Ancient Monuments

History on the Ground

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Moated site at Foxley Green Farm

A Scheduled Monument in Bray, Windsor and Maidenhead

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Latitude: 51.4854 / 51°29'7"N

Longitude: -0.7343 / 0°44'3"W

OS Eastings: 487978.725645

OS Northings: 177034.025069

OS Grid: SU879770

Mapcode National: GBR D6X.TCV

Mapcode Global: VHDWR.7X4N

Entry Name: Moated site at Foxley Green Farm

Scheduled Date: 14 December 1976

Last Amended: 27 March 1990

Source: Historic England

Source ID: 1013186

English Heritage Legacy ID: 12026

County: Windsor and Maidenhead

Civil Parish: Bray

Built-Up Area: Touchen-end

Traditional County: Berkshire

Lieutenancy Area (Ceremonial County): Berkshire

Church of England Parish: Bray with Braywood

Church of England Diocese: Oxford


The monument includes a moated site immediately south-east of Foxley Green
Farm. The moat island, which has dimensions of 50m NE-SW by 55m NW-SE, is
surrounded by a deep quadrangular, water-filled moat in good condition. The
site measures approximately 80m by 70m externally. The moat has no causeway
but an external bank surviving to a height of up to 1m runs around the
southern and eastern perimeter. Various earthworks survive on the moat island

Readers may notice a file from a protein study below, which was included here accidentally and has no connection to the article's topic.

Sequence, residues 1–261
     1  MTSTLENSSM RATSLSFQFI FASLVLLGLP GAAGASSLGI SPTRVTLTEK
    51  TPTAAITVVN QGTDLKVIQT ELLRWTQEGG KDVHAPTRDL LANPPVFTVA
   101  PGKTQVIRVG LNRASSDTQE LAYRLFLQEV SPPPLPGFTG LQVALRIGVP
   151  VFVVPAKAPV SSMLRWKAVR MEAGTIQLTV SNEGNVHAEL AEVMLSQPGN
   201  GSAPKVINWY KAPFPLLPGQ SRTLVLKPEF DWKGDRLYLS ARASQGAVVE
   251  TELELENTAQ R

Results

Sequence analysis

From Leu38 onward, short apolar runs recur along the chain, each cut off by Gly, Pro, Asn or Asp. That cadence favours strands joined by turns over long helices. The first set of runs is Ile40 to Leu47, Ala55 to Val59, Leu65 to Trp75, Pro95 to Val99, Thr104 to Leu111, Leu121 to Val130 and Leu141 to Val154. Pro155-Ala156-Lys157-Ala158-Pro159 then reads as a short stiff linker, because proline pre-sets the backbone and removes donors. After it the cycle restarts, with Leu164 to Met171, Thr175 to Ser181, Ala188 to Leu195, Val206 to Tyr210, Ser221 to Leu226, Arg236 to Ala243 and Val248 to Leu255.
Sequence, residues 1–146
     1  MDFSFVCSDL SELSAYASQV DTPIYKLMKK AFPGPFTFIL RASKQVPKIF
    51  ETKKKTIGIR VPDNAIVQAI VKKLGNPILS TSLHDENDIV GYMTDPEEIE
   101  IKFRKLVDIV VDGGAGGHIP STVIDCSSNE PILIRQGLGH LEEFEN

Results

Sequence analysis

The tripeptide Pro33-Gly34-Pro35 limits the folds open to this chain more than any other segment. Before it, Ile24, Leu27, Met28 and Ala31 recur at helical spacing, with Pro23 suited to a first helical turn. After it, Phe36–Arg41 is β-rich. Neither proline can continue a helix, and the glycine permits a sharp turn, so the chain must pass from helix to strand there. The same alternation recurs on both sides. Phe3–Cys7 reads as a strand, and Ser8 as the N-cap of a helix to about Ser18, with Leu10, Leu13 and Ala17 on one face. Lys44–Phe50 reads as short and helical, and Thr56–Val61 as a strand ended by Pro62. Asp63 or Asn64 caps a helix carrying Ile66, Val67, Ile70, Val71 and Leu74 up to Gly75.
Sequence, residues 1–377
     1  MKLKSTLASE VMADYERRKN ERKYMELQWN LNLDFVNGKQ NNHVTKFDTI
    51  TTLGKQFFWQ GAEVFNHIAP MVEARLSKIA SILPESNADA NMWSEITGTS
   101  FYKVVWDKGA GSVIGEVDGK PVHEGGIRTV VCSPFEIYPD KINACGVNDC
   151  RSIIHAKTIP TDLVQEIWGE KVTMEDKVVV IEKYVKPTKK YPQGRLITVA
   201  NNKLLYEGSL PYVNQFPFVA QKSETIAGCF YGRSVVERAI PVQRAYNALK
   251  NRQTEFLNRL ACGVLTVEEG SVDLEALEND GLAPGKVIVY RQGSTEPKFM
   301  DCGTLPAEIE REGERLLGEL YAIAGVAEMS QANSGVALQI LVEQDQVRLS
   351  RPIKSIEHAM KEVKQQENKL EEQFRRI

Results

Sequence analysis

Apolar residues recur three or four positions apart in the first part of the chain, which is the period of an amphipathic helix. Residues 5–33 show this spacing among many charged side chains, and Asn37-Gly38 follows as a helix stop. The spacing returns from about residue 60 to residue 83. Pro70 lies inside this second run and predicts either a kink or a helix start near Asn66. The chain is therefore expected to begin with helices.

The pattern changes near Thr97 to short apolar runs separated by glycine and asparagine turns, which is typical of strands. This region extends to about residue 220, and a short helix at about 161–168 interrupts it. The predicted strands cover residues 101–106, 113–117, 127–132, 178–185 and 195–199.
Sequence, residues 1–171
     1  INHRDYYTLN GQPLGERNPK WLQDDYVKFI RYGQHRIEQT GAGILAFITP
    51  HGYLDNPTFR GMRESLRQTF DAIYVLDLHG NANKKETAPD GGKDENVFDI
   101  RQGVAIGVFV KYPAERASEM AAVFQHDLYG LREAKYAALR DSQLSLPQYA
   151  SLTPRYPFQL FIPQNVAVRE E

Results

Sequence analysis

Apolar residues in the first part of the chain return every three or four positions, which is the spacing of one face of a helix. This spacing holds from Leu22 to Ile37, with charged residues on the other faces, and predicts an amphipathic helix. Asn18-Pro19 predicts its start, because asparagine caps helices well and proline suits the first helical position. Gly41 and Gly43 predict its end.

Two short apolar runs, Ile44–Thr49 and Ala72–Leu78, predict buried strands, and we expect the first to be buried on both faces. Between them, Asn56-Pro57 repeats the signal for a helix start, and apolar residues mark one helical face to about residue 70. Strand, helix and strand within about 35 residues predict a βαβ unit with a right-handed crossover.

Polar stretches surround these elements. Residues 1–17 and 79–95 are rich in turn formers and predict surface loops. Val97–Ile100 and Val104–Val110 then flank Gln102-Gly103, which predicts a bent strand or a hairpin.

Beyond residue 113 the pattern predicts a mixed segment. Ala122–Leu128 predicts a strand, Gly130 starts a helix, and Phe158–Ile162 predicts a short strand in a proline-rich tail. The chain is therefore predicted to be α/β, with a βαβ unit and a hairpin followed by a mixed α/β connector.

which once contained the manor house of Foxley's. This was burned down in the
18th century. Reports of previous excavations are unsubstantiated.

The site of the monument is shown on the attached map extract.
It includes a 2 metre boundary around the archaeological features,
considered to be essential for the monument's support and preservation.

Source: Historic England

Reasons for Scheduling

Around 6,000 moated sites are known in England. They consist of wide ditches,
often or seasonally water-filled, partly or completely enclosing one or more
islands of dry ground on which stood domestic or religious buildings. In some
cases the islands were used for horticulture. The majority of moated sites
served as prestigious aristocratic and seigneurial residences with the
provision of a moat intended as a status symbol rather than a practical
military defence. The peak period during which moated sites were built was
between about 1250 and 1350 and by far the greatest concentration lies in
central and eastern parts of England. However, moated sites were built
throughout the medieval period, are widely scattered throughout England and
exhibit a high level of diversity in their forms and sizes. They form a
significant class of medieval monument and are important for the understanding
of the distribution of wealth and status in the countryside. Many examples
provide conditions favourable to the survival of organic remains.

Although a large number of moated sites are known, relatively few survive in
Berkshire. This site is important as it survives particularly well, contains
a good range of features, including various low earthworks on the interior,
and maintains a documented historical association.

Source: Historic England


West Cambridgeshire, Royal Commission on Historical Monuments, An Inventory of Historical Monuments in Cambridgeshire, (1968)

Source: Historic England

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